[Noam Bergman, “Impacts of the Fossil Fuel Divestment Movement: Effects on Finance, Policy and Public Discourse,” Sustainability (Science Policy Research Unit, University of Sussex, Brighton: 2018)].
We know Boston College thinks divestment from fossil fuels is too risky and would hurt financial aid. If such a statement were true, it begs the question: is Boston College effectively admitting it must be invested in immoral institutions in order to remain viable as a university? If this is so, then isn’t Boston College as an institution unsustainable? In all seriousness, if this is the case, and we cannot exist and serve others without destroying ourselves, then maybe we do not have a stable or moral foundation to begin with.
Maybe, when student voices are constantly ignored, we also need to consider if our knowledge and education means anything. Maybe the rejection of our initiatives is intentional. We want to assume the best of this university, and no matter our frustrations, we still wish to forgive and work in harmony—to share the knowledge this university has provided us.
We often hear the question, “Well, if we’re not invested in fossil fuels, what should we be invested in instead?” A simple Google search can tell you that socially responsible funds do exist, and, from 2016 to 2018, enjoyed a growth rate of more than 38% (Figure A). The Forum for Sustainable and Responsible Investment further provides information on fossil fuel divestment and reinvestment options by asset class and investor type, along with additional resources. Alternative investment in funds such as DSI, TICRX, or PORTX is something the Board of Trustees should take seriously. Further, we are losing money by remaining invested in fossil fuels. How much, exactly, is unclear, given the secrecy surrounding the Board of Trustees and our actual holdings. When even the Rockefeller Brothers Fund is divesting, though, you know something is up.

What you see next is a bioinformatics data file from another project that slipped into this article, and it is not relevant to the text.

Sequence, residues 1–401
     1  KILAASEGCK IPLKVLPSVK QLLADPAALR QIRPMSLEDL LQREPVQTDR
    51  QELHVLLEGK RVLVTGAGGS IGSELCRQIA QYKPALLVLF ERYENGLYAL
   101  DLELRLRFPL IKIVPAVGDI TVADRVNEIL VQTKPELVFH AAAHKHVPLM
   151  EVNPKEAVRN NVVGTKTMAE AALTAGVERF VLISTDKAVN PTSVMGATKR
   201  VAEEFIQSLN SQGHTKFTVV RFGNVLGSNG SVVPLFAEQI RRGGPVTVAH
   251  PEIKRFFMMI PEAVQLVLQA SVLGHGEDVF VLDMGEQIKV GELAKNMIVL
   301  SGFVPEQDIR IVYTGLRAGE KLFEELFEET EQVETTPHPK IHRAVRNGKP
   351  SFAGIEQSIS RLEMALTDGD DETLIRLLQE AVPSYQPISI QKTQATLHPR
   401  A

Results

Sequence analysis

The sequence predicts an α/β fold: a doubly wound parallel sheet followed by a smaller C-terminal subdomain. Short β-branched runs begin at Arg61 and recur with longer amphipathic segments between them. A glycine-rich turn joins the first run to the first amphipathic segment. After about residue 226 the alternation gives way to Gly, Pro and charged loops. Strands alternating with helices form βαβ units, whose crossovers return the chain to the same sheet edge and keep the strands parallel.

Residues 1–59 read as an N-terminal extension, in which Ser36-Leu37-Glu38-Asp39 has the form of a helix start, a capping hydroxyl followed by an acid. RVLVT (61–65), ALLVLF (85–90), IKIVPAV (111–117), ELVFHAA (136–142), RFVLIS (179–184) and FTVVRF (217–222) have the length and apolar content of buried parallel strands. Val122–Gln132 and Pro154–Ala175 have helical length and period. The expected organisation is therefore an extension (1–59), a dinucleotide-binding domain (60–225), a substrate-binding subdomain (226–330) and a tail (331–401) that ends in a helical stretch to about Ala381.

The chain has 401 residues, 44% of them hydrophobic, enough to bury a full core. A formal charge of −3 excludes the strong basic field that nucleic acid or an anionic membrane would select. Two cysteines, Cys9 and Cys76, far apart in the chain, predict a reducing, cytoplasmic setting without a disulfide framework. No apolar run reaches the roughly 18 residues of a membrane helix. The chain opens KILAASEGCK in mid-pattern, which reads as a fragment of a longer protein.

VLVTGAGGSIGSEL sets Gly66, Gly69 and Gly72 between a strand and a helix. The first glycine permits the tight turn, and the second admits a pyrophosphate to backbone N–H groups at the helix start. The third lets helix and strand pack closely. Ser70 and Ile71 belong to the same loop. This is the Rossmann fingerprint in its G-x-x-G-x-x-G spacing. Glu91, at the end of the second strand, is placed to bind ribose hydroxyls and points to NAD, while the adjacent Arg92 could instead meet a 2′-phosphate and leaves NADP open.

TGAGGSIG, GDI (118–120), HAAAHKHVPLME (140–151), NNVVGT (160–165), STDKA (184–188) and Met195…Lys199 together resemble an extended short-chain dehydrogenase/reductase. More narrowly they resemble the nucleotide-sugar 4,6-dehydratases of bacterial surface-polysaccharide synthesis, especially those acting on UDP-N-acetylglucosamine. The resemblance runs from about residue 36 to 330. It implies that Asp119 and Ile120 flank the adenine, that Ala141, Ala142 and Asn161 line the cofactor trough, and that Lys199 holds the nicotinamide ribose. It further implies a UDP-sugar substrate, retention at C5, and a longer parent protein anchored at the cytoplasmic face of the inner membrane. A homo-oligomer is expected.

Climate Justice at Boston College again invites members of the administration and the Board of Trustees to have a constructive conversation on the effects of divestment and possible alternatives. We would be happy to point out the moral implications of giving economic, and therefore social, approval to dirty energy, along with peer-reviewed scientific research on the impacts of climate change as it is currently understood.
As we have reached out in good faith, we sincerely hope we will be reached out to in turn. From my experience in this organization, I have learned that transparency, understanding, and reconciliation is the only effective way to achieve meaningful results. We want to engage in meaningful dialogue, and hope this referendum will provide a path to do just that.
Finally, we wish to make it clear that Catholic ethics are not utilitarian. Catholic Social Teaching does not ask whether divestment is “a viable solution to the important issue of climate change”; rather, it asks whether we can rigorously justify our investment in an industry so destructive to human dignity and the dignity of all creation. Our common conviction that God’s presence is manifested in all of creation, and that we must therefore care for one another and the world we inhabit, is a shared foundation upon which we can join together in goodwill to discuss how we as a university can best carry out our mission.
Moral convictions have meaning only to the extent to which they are demonstrated in reality. “[L]et us not love in word or talk but in deed and in truth” (1 John 3:18). The burden to do the right thing is on us. We will thus continue our struggle for divestment and climate justice, because the latter remains contingent on the former, as do all struggles for justice.
To all of us, then, “let us not grow weary of doing good, for in due season we will reap, if we do not give up” (Galatians 6:9).